Ethical dilemmas are studied in various parts of the course (lectures, assignment). Guest lectures by alumni and professionals in the field of Youth Studies encourage students to learn about the labour market.
There is also plenty of opportunity for students to develop their own professional identity. For example, students can participate in training courses and/or conduct networking meetings. Where possible, these activities are linked to the practical internship.
The elective course is intended to further develop your expertise and graduation profile.
The Master’s project consists of an internship and a Master’s thesis. Students may choose between two variants for carrying out the Master’s project: a combined research internship and thesis (RIT) track, or a track including a practical internship and a separate thesis on basis of existing data (TED).
For students opting for the RIT track, the end product is a research internship report (10 ECTS) and a thesis based on data collected by the student during the internship (20 ECTS), possibly in combination with data from Interdisciplinary Social Science (ISS) or the internship organisation.
Students conduct a research internship at an organisation that is involved with youth issues. The internship consists of an individual study of policy and intervention practices (e.g. conducting an empirically-substantiated policy or intervention analysis, or developing a policy recommendation or intervention strategy) from an interdisciplinary social science perspective.
During the course ‘Key issues in Youth Studies’, each student identifies an issue that is relevant to the internship organisation and the professional field and writes a research plan for it. During the internship, this research plan will be carried out and data will be collected in order to develop an answer to the research questions.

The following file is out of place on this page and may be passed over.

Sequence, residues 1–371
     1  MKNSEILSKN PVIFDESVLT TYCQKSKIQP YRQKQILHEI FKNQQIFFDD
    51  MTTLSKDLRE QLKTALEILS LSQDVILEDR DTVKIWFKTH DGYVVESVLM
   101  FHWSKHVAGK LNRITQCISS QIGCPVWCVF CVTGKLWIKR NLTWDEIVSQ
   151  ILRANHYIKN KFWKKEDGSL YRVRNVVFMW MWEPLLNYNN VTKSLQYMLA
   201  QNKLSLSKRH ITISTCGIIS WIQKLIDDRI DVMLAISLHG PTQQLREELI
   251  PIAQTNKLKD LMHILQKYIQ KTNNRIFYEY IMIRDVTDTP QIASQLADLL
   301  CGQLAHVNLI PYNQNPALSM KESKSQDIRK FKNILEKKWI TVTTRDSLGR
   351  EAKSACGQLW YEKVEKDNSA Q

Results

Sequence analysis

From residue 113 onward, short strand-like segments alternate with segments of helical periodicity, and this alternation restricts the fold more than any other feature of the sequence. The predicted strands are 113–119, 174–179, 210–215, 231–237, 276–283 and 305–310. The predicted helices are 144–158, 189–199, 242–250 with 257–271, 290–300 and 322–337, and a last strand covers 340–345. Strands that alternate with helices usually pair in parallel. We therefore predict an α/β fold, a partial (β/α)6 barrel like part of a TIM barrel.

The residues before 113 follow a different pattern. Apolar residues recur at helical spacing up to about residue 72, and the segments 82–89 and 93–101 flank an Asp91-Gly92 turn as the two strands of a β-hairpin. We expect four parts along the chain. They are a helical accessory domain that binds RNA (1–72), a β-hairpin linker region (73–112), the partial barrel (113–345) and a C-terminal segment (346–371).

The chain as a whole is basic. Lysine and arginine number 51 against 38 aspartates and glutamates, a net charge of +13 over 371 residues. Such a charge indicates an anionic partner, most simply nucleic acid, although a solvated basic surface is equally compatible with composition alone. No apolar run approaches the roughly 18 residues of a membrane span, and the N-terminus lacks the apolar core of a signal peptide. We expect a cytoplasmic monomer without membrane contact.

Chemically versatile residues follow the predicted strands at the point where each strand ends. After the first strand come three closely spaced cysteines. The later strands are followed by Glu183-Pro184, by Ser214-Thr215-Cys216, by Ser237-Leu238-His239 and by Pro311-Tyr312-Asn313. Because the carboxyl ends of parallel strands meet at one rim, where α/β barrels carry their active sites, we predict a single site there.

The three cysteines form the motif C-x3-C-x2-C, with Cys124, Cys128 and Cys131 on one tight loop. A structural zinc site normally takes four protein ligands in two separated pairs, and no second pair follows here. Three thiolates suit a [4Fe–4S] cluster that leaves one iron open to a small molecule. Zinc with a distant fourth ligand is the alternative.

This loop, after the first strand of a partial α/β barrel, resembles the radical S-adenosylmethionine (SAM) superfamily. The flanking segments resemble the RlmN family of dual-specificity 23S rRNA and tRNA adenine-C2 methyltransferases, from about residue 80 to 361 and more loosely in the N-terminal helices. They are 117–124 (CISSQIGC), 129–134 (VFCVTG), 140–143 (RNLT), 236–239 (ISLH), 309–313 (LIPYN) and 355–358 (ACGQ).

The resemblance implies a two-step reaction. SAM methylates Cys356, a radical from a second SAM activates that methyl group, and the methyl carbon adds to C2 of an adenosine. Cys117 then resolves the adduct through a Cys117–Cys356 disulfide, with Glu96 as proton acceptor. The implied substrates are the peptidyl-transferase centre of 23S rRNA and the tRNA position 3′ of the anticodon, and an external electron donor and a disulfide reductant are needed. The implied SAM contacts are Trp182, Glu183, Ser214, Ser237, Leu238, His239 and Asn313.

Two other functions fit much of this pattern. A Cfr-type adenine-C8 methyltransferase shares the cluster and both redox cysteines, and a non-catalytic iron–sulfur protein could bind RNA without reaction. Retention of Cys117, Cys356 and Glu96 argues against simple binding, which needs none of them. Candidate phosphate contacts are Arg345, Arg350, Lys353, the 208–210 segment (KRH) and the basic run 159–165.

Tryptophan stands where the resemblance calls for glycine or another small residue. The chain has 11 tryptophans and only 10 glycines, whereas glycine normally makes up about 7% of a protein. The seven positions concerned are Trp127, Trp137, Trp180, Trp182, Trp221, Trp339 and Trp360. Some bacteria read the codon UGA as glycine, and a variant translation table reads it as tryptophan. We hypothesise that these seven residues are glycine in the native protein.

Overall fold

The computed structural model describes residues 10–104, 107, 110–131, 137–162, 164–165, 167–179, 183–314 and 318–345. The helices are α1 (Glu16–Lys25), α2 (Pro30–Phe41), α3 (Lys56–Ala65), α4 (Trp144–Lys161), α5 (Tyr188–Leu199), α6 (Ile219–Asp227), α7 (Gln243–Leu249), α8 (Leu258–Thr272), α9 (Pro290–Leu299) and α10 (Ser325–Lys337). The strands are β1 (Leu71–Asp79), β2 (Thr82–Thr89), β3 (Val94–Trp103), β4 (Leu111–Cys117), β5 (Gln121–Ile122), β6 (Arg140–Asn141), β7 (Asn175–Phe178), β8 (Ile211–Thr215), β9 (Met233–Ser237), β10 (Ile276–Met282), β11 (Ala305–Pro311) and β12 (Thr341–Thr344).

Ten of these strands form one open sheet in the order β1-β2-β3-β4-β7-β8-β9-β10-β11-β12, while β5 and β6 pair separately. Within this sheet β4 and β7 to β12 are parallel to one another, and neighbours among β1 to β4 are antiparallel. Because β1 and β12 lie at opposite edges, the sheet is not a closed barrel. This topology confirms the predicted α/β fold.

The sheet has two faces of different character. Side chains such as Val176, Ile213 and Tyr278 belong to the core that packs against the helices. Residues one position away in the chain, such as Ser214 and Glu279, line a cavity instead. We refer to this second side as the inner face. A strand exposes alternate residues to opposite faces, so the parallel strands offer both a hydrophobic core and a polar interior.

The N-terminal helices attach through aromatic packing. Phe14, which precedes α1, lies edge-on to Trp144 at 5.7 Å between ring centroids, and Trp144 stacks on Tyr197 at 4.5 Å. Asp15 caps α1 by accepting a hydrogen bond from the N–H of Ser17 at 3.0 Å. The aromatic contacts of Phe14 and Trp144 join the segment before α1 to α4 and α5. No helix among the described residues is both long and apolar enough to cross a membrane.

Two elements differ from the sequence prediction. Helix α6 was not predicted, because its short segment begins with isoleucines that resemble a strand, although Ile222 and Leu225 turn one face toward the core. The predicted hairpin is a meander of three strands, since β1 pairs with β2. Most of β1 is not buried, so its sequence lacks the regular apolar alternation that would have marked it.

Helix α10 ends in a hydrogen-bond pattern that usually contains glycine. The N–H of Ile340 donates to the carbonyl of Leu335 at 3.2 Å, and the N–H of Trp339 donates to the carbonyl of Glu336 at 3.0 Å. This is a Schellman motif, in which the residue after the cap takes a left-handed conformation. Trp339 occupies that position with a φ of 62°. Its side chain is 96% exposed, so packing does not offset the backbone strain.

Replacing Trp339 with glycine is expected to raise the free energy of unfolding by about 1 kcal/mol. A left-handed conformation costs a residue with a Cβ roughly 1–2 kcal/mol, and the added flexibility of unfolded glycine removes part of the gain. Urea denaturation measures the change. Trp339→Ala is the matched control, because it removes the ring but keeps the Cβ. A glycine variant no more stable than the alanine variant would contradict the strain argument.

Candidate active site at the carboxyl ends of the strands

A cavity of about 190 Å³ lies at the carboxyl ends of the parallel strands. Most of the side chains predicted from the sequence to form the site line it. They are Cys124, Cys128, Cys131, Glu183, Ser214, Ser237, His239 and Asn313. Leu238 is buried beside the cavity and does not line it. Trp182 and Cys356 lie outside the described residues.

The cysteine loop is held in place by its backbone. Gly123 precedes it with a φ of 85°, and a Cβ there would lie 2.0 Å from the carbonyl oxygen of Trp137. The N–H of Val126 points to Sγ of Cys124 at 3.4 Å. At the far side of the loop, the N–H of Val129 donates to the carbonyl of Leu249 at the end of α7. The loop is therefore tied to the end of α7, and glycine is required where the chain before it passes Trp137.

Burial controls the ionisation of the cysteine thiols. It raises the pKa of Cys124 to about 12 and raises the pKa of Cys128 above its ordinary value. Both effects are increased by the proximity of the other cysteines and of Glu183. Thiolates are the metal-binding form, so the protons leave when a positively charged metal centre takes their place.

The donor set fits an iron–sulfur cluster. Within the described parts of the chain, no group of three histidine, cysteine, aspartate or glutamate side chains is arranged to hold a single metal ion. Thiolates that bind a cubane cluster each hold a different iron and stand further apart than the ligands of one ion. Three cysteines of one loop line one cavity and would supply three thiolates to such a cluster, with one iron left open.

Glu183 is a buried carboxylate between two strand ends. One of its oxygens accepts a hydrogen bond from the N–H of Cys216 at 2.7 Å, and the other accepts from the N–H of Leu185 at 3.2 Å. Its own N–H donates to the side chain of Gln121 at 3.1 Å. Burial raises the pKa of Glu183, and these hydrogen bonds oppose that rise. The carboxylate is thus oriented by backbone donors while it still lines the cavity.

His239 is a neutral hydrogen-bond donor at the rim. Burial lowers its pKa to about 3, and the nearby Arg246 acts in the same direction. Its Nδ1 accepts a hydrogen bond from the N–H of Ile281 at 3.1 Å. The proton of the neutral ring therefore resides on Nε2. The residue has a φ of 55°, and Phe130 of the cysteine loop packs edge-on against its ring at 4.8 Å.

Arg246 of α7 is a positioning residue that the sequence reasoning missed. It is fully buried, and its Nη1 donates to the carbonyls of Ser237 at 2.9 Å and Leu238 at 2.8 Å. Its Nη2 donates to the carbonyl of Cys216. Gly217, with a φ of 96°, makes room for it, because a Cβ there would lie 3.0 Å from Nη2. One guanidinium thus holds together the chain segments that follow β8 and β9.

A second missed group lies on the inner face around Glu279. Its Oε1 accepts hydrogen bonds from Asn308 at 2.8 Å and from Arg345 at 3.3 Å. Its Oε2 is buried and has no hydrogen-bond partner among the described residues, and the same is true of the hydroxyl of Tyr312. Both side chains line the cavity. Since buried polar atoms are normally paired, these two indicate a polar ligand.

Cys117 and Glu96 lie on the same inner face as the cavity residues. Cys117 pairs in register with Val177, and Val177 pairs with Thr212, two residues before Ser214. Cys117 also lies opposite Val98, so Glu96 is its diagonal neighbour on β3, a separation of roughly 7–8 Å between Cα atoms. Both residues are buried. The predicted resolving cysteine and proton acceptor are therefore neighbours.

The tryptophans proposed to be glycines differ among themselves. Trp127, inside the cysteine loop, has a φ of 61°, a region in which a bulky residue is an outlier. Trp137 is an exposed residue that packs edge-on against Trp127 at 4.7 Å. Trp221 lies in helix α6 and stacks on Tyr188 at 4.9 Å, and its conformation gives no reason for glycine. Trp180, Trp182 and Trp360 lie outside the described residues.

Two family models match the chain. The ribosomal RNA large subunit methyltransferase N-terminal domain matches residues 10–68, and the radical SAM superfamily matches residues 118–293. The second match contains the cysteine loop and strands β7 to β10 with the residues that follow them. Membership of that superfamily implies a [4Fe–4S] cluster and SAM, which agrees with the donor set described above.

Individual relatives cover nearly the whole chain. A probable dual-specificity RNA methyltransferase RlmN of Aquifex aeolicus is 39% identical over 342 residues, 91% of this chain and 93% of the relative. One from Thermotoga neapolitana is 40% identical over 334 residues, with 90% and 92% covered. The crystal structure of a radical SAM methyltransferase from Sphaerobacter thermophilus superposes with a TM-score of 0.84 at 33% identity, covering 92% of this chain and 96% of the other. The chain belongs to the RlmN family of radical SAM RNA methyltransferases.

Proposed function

The analysis of research data and reporting on these analyses result in an academic article written in Dutch or English. The article is an individual product.
For students opting for the TED track, the end product is a practical internship report (15 ECTS) and a thesis based on existing data (15 ECTS) provided by ISS or by the internship organisation.
In a practical internship, students fulfil an external internship with an organisation that is involved in youth issues. The internship entails independently carrying out activities that are part of the job description of an academic professional active in the field of youth. This can vary from performing support activities in the development, execution, or implementation of policy and interventions to supporting and conducting social scientific research (or parts thereof).
When writing the Master’s thesis, students build upon the Introduction of the academic research article that they wrote during the course ‘Key issues in Youth Studies’. In the Master’s thesis, students answer the research questions that they posed in their research plans. In doing so, they use existing data of ongoing research projects being conducted by the research group on Youth in a Changing Cultural Context (YCCC) (e.g. TRAILS, HBSC, Digital Youth Project, SNARE) or existing data from the internship organisation.
The analysis of research data and reporting on these analyses result in an academic article written in Dutch or English. The article is an individual product. In addition, students using existing data will perform 60 hours of activities for ongoing research being conducted within the disciplinary group.